Thursday, July 23, 2020

Threat Source newsletter for July 23, 2020

Newsletter compiled by Jon Munshaw.

Good afternoon, Talos readers.

While ransomware attacks continue to hog all the headlines, cryptocurrency miners are still running the background, sapping computing power from unsuspecting victims. We have what we believe is the first documentation of a new botnet we're calling "Prometei" that mines for Monero. Here's why you need to be on the lookout for this botnet and why it could be a sign of worse things to come if you're infected.

If you didn't get enough election security news last week with our research paper, the guys on Beers With Talos dug even deeper into the topic in the latest episode.

Cyber Security Week in Review

  • More information continues to come out regarding the massive Twitter hack last week that led to several high-profile accounts being taken over and sending out information on a Bitcoin scam. A new report from the New York Times found that the group behind the hack is a group of younger people who don’t have any ties to state-sponsored actors. 
  • Adding another layer onto the intrusion, Twitter now says that the hackers accessed the private direct messages belonging to 36 of the accounts that were breached. This raises the possibility that the victims could be extorted in the future.
  • This incident highlights that humans can sometimes be an organization's largest security weakness. Some employees have enough personal information out on social media accounts that adversaries can leverage to carry out social engineering attacks, while others may not be properly trained to spot phishing emails. 
  • Israel says it fended off another cyber attack against its public water system. The intrusions in June came after a different attack on Israeli infrastructure in April that the country blamed on Iranian state-sponsored actors.
  • A new report from the British government states that the country did not do enough to fend off foreign interference in its elections. The U.K.'s Intelligence and Security Committee added that Russian actors are the country's greatest threats, and says Britain is "playing catch-up."
  • The Trump administration continues to mull over whether to ban the popular social media app TikTok. While the American government is locked in a battle with Chinese tech companies across the board, security experts say the issues surrounding TikTok are not so black and white.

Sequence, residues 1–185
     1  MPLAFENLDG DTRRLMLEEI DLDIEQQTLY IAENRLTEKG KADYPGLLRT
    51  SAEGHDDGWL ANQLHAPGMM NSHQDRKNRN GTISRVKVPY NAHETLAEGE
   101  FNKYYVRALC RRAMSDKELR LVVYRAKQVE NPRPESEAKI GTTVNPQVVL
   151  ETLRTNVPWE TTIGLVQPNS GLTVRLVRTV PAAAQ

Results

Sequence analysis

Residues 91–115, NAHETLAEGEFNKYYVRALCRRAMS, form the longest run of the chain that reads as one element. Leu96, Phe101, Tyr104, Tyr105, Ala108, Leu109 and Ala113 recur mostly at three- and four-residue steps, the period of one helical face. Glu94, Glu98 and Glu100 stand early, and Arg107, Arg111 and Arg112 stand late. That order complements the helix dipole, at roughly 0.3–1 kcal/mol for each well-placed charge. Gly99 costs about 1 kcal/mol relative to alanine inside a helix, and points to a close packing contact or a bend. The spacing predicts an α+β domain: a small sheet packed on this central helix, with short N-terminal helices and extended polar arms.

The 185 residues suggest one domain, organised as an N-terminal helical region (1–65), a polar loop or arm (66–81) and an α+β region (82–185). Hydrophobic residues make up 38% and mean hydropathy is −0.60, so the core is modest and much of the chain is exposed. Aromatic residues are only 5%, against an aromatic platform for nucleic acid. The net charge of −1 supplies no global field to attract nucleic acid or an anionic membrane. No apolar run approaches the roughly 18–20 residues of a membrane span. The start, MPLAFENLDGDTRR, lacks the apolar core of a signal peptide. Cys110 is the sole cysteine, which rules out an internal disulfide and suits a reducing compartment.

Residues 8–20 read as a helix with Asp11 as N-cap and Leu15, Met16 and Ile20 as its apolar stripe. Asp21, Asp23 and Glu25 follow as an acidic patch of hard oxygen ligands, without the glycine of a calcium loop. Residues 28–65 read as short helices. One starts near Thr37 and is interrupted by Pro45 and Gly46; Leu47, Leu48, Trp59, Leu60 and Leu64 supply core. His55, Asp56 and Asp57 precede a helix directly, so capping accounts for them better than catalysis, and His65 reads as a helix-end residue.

• New York state announced plans to formally charge mortgage title insurance company First American Financial Corp. for a massive data leak last year. The penalties are set to be the first of their type under new regulations in the state.
  • A new Android malware that appears to be a spinoff of LokiBot aims to steal users' information off their devices in the background. The BlackRock trojan is going after some of the most popular apps in the world, too, including Netflix and Tinder.

Notable recent security issues

Title: SAP systems vulnerability could allow adversaries to create new user accounts, execute code 
Description: The U.S. Department of Homeland Security’s Cybersecurity and Infrastructure Security Agency (CISA) released a warning last week urging SAP admins to update their systems as soon as possible to fix a critical vulnerability. CVE-2020-6287 affects the SAP NetWeaver Application Server's Java component LM Configuration Wizard. An attacker could exploit this bug to obtain unrestricted access to SAP systems, allowing them to create their own user accounts and executing arbitrary system commands.
Snort SIDs: 54571 - 54574

Title: Cisco discloses 33 vulnerabilities in small business routers, firewalls 
Description: Cisco disclosed 33 vulnerabilities in their RV series of routers and firewalls earlier this month. The products mainly service small business environments. One of the bugs, CVE-2020-3330, could allow an adversary to completely take over a device if the user hadn’t reset the default admin credentials that came pre-installed on the device. There is also a critical privilege escalation vulnerability in Prime License Manager.
Snort SIDs: 54538 - 54567

Most prevalent malware files this week

SHA 256: 8b4216a7c50599b11241876ada8ae6f07b48f1abe6590c2440004ea4db5becc9
MD5: 34560233e751b7e95f155b6f61e7419a
Typical Filename: SAService.exe
Claimed Product: SAService
Detection Name: PUA.Win.Dropper.Segurazo::tpd

SHA 256: 449f4a4524c06e798193c1d3ba21c2d9338936375227277898c583780392d4d8
MD5: 179c09b866c9063254083216b55693e6
Typical Filename: SAService.exe
Claimed Product: SAService
Detection Name:

SHA 256: 094d4da0ae3ded8b936428bb7393c77aaedd5efb5957116afd4263bd7edc2188 
MD5: a10a6d9dfc0328a391a3fdb1a9fb18db
Typical Filename: FlashHelperServices.exe
Claimed Product: Flash Helper Service
Detection Name: PUA.Win.Adware.Flashserv::100.sbx.vioc

SHA 256: e3eeaee0af4b549eae4447fa20cfe205e8d56beecf43cf14a11bf3e86ae6e8bd
MD5: 8193b63313019b614d5be721c538486b
Typical Filename: SAntivirusService.exe
Claimed Product: SAService
Detection Name:

SHA 256: c3e530cc005583b47322b6649ddc0dab1b64bcf22b124a492606763c52fb048f
MD5: e2ea315d9a83e7577053f52c974f6a5a
Typical Filename: c3e530cc005583b47322b6649ddc0dab1b64bcf22b124a492606763c52fb048f.bin
Claimed Product: N/A
Detection Name: Win.Dropper.Agentwdcr::1201

Keep up with all things Talos by following us on TwitterSnortClamAV and Immunet also have their own accounts you can follow to keep up with their latest updates. You can also subscribe to the Beers with Talos podcast here (as well as on your favorite podcast app). And, if you’re not already, you can also subscribe to the weekly Threat Source newsletter here.  

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